You can think of a pole pruner like a pruning saw attached to a pole, because that’s essentially what it is. It comes with a curved blade design and sharp, serrated teeth. (A pole pruner that can reach 14ft in the air is usually enough for most jobs.)
Another added benefit is that most pole pruners come supplied with a chain and rope that power a lopper which is attached to head. This gives you the power of manual saw cutting action and the capability to lop off smaller branches that may need clean, quick cuts.
Pole Pruning Power Tip
It’s much easier to cut branches higher up by pulling back while cutting, rather than forward. This gives you more power and leverage and can result in quicker cutting.
While having a manual saw on the end of a pole is great, but sometimes you’re just going to need to go the extra mile and spring for a powered pole saw!
The pole saw, a pinnacle piece of equipment if you want to get the job done of a professional, without having to call in the pros.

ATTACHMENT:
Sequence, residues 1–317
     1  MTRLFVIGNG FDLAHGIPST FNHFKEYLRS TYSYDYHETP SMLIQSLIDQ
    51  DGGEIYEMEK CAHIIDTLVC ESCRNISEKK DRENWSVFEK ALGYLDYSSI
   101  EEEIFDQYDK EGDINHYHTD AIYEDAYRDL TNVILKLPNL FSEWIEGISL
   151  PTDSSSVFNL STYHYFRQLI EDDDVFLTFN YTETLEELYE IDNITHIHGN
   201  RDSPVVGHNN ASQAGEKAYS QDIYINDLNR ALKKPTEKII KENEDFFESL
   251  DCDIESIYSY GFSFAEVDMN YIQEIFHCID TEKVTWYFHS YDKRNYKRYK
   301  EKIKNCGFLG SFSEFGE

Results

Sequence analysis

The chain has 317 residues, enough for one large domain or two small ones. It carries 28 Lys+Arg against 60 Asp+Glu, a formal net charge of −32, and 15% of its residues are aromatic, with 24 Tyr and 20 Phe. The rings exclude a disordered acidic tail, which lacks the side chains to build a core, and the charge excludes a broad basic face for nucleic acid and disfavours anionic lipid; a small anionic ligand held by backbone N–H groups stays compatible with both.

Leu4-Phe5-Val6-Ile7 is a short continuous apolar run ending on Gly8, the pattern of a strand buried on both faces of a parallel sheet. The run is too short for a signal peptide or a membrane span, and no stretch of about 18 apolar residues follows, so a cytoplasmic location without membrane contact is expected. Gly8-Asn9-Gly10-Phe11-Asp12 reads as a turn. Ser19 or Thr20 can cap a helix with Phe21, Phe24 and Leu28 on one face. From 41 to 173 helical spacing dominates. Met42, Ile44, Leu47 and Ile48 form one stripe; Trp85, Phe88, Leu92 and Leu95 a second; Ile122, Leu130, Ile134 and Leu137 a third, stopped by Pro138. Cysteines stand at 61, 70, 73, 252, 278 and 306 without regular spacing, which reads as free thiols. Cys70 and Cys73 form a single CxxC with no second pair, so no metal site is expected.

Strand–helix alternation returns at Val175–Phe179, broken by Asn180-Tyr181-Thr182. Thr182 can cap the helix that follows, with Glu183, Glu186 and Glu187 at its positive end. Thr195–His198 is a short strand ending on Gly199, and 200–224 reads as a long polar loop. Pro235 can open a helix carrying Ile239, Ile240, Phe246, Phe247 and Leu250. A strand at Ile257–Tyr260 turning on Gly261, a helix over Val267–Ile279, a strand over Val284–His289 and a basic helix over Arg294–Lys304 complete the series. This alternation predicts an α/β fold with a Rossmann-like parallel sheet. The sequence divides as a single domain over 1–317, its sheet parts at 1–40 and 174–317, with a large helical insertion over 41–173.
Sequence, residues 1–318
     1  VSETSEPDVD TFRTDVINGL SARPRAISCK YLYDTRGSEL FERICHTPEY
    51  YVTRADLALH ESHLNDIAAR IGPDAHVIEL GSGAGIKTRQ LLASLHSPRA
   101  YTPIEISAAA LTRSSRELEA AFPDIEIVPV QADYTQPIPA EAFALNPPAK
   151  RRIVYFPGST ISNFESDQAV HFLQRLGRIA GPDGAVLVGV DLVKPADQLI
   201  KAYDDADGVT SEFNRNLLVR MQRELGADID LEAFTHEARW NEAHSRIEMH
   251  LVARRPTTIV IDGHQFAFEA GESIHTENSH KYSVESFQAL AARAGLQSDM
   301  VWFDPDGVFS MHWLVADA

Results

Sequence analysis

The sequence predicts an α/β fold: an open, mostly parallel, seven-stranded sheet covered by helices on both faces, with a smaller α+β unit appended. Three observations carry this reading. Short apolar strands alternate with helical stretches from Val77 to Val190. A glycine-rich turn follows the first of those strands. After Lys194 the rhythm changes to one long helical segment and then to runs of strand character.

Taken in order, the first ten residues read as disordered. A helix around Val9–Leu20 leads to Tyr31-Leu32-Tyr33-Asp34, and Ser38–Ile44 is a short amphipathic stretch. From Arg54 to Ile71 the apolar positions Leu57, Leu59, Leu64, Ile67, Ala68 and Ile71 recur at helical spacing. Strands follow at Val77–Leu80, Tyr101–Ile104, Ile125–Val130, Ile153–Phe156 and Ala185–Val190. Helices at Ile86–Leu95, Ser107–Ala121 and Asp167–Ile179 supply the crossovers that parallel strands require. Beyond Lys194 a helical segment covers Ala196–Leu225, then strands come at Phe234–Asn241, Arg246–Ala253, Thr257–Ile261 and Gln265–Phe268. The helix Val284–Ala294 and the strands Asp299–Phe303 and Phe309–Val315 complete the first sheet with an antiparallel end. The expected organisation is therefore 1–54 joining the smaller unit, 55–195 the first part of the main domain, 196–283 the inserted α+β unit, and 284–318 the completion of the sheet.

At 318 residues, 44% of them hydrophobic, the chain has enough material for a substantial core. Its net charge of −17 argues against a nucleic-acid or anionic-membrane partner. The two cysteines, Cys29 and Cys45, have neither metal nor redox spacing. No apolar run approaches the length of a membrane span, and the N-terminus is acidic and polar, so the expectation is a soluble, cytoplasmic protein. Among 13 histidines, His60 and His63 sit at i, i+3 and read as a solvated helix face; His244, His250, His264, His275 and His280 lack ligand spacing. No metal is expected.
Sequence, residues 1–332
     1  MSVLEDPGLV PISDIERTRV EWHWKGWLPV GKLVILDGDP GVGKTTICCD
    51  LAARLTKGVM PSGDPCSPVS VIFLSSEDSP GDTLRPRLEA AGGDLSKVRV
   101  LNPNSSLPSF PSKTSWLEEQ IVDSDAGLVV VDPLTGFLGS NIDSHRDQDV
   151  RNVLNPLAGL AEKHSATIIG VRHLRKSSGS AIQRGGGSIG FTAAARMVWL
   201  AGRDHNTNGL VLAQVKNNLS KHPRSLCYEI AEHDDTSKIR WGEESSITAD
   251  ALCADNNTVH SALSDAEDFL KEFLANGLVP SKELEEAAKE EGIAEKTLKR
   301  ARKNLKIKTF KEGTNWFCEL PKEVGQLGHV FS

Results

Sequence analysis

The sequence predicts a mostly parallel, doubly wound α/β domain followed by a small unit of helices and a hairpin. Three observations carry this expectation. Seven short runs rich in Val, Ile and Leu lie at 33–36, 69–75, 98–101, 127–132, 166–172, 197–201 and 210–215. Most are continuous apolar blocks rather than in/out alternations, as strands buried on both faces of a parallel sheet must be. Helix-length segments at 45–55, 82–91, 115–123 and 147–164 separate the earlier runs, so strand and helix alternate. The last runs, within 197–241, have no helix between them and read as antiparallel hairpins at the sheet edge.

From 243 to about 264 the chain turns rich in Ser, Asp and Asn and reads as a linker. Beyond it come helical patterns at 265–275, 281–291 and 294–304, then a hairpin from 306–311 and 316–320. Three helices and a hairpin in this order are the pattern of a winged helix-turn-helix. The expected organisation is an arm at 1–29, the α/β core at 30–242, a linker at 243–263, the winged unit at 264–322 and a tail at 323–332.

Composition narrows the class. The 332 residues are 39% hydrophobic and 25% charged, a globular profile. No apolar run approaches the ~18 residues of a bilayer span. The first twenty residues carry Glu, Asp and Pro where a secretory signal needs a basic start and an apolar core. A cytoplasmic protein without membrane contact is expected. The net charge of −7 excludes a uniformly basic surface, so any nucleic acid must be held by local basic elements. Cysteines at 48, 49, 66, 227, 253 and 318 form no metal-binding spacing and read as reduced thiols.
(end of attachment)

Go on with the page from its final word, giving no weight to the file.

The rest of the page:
Unlike a pole pruner, the pole saw is going to be powered, which as you probably already know, makes the job of cutting so easy. And just as the name implies, it’s a dang saw on the end of a pole!
Gas-powered pole saws are going to provide more power but also come with added maintenance. If you want a more maintenance-free option, then you can always look at battery-powered and electric pole saws.
I know a pole saw might not be for everybody, but once you’ve used one, trust me when I say you will not go back. They make getting the job done quick and simple.
To preface this, I have never personally used a rope saw. Why you might ask? Simply because it seems like too much work, even though it’s a relatively lost cost solution. I’m including it here so you have the option, and who knows, maybe it’ll end up working out great for your situation!
A rope saw is pretty cut and dry – saw teeth attached to a rope that you pull back and forth to trim off branches.